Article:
We have listened to those religious organisations that raised concerns about the redefinition of religious marriage. We are aware that some religious organisations that solemnize marriages through a religious ceremony believe that marriage can only be between a man and a woman. That is why this consultation is limited to consideration of civil marriage and makes no proposals to change the way that religious marriages are solemnized. It will not be legally possible under these proposals for religious organisations to solemnize religious marriages for same-sex couples. There will therefore be no obligation or requirement for religious organisations or ministers of religion to do this. It will also not be possible for a same-sex couple to have a civil marriage ceremony on religious premises. Marriages of any sort on religious premises would still only be legally possible between a man and a woman.

The Government is committed to building a fairer society and ensuring fair treatment and equal opportunities for all, including people of all religions. As we are only seeking to lift the ban on same-sex couples getting married through a civil ceremony, we would ensure that any subsequent legislation on equal civil marriage is clear that marriages conducted according to religious rites and on religious premises could not be between a same-sex couple. This would mean that no religious organisation, premises, or leader would face a successful legal challenge for failing to perform a marriage for a same-sex couple, whether or not the religious organisation, premises or leader involved performs marriages for opposite-sex couples. Any changes to the legislation as a result of this consultation will not, legally, enable same-sex couples to have a marriage through a religious ceremony and on religious premises.

We are also aware that the doctrines of many faiths hold the view that marriage can only be between a man and a woman, and this belief is contained within the teachings of their faith. We are clear that no one should face successful legal action for hate speech or discrimination if they preach their belief that marriage should only be between a man and a woman.

There are many things that I find myself in disagreement with when it comes to Government policy and proposals, but this is one that I think that they have right. And what’s worse, I believe that the letter from Care is misleading and that it misrepresents what the Government is intending. If people at Care have read the consultation document, then they seem to either be telling deliberate lies about what the Government intend to do, or are accusing the Government of telling lies.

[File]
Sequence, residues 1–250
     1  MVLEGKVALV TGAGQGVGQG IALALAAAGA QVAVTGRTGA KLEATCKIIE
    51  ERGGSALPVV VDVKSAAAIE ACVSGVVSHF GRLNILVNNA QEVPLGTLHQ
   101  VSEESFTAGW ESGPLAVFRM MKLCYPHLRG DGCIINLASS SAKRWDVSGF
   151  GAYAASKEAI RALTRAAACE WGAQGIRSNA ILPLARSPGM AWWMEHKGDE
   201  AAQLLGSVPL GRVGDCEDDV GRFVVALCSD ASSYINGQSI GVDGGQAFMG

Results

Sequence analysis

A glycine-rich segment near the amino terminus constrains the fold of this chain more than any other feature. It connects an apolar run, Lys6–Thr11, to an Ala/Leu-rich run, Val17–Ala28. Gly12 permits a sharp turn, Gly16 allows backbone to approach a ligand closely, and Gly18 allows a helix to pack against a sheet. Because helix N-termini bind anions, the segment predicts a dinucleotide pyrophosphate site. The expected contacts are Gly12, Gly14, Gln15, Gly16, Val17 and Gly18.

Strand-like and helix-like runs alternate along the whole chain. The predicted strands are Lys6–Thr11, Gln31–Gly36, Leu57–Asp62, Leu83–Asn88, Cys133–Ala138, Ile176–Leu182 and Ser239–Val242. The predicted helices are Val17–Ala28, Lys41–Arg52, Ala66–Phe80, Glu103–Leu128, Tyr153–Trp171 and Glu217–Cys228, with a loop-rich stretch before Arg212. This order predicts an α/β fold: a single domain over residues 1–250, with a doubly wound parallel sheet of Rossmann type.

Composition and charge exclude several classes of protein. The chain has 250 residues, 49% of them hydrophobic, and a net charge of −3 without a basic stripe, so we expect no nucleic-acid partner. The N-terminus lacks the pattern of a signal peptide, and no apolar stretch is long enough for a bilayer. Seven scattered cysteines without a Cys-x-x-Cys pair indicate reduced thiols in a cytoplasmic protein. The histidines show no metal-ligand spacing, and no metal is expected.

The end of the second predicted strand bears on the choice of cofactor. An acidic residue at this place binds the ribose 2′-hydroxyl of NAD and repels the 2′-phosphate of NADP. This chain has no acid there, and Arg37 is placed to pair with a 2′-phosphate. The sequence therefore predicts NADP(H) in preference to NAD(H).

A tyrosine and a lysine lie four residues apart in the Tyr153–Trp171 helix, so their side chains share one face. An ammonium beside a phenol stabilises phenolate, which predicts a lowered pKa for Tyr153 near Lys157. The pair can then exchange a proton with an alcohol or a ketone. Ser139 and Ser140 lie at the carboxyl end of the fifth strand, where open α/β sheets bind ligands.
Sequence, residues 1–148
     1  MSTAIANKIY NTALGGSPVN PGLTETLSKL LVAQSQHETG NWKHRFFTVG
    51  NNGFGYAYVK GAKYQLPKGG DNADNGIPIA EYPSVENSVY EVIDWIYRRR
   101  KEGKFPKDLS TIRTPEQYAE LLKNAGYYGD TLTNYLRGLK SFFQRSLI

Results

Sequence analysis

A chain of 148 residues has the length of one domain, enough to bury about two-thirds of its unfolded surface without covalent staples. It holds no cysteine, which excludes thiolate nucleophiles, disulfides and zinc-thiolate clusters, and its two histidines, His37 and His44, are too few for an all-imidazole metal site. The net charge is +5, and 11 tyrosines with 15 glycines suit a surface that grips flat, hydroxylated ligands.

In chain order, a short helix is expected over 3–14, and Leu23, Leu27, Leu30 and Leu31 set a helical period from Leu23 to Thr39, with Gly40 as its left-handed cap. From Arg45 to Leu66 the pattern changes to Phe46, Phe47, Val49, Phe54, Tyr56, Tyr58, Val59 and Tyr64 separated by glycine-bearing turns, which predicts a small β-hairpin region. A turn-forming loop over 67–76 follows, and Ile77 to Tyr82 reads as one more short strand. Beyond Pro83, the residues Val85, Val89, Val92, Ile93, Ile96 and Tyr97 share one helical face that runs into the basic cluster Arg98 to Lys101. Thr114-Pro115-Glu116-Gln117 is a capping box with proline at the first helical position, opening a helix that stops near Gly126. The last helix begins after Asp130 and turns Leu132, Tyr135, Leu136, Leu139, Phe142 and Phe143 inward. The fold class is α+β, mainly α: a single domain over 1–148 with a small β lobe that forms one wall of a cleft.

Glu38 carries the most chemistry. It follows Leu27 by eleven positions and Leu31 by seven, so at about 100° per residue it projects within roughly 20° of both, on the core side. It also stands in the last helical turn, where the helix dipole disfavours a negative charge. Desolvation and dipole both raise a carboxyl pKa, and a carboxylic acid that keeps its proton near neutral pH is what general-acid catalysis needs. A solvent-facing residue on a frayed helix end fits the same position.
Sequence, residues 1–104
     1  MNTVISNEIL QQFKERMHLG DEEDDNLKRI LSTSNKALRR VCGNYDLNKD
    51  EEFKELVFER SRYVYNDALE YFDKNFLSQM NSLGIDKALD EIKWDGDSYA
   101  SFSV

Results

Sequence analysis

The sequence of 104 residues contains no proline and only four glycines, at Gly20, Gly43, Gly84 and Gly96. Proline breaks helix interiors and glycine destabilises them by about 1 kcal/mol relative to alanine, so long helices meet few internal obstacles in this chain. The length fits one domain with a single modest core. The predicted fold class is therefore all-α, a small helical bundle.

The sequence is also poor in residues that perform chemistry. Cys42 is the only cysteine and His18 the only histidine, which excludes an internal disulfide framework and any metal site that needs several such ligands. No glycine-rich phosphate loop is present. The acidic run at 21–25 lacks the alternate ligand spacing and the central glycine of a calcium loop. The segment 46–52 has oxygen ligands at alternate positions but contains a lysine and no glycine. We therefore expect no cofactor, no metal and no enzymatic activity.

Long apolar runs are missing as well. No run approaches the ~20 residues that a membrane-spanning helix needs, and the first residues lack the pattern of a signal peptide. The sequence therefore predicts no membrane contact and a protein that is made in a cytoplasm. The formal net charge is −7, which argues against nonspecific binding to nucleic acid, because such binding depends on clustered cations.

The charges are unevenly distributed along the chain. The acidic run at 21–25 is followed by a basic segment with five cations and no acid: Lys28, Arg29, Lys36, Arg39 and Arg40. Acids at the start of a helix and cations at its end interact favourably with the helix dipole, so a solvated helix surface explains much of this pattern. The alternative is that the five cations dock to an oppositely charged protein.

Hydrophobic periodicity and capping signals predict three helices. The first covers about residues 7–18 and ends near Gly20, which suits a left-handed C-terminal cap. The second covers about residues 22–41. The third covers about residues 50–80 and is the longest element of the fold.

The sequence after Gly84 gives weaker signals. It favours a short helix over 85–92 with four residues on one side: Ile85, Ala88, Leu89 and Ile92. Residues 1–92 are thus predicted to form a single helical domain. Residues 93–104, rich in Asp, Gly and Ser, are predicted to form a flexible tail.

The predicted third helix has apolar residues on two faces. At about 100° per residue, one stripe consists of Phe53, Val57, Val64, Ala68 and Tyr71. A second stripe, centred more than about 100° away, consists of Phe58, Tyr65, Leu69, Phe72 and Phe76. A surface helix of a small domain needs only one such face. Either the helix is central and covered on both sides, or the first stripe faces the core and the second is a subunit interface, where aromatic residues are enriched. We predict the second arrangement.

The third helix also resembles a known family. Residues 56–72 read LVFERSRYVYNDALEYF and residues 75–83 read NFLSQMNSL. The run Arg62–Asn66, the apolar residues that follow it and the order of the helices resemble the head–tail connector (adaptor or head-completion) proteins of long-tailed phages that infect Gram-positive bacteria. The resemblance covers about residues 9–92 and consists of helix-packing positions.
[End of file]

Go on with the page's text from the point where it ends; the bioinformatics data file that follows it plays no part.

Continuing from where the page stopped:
If you have the time then please tell your Member of Parliament what you think about it. Fill out the online form. Sign the petition. But I hope that you’ll be encouraging the Government to go through with the changes rather than taking the stance suggested by Care.

Monday, 7 May 2012

The Listening Project

Back in March I was contacted by Claire at BBC Radio Berkshire to ask if I was interested in taking part in The Listening Project. She knew of the interview that I’d done with Bill Buckley back in March.

The Listening Project is about “capturing the nation in conversation to build a unique picture of our lives today and preserve it for future generations”. There’s more info on it here. As Claire summarised it:

In a nutshell, we get two people who are close to each other (friends, family, loved ones) into a studio and record a conversation/interview of about 40 minutes in length. One person acts more as the interviewer but it’s more natural and casual than a formal interview. We, as journalists, don’t get too involved, we can help guide the conversation but we let you set the agenda.

This audio will then be archived and put in the British Library for people to use for research in the future. It’s an opportunity to record, share, and preserve the stories of our lives.

The audio is also cut into a shorter piece and played on the BBC Radio Berkshire and on Radio 4 as part of this exciting new project starting at the end of the month.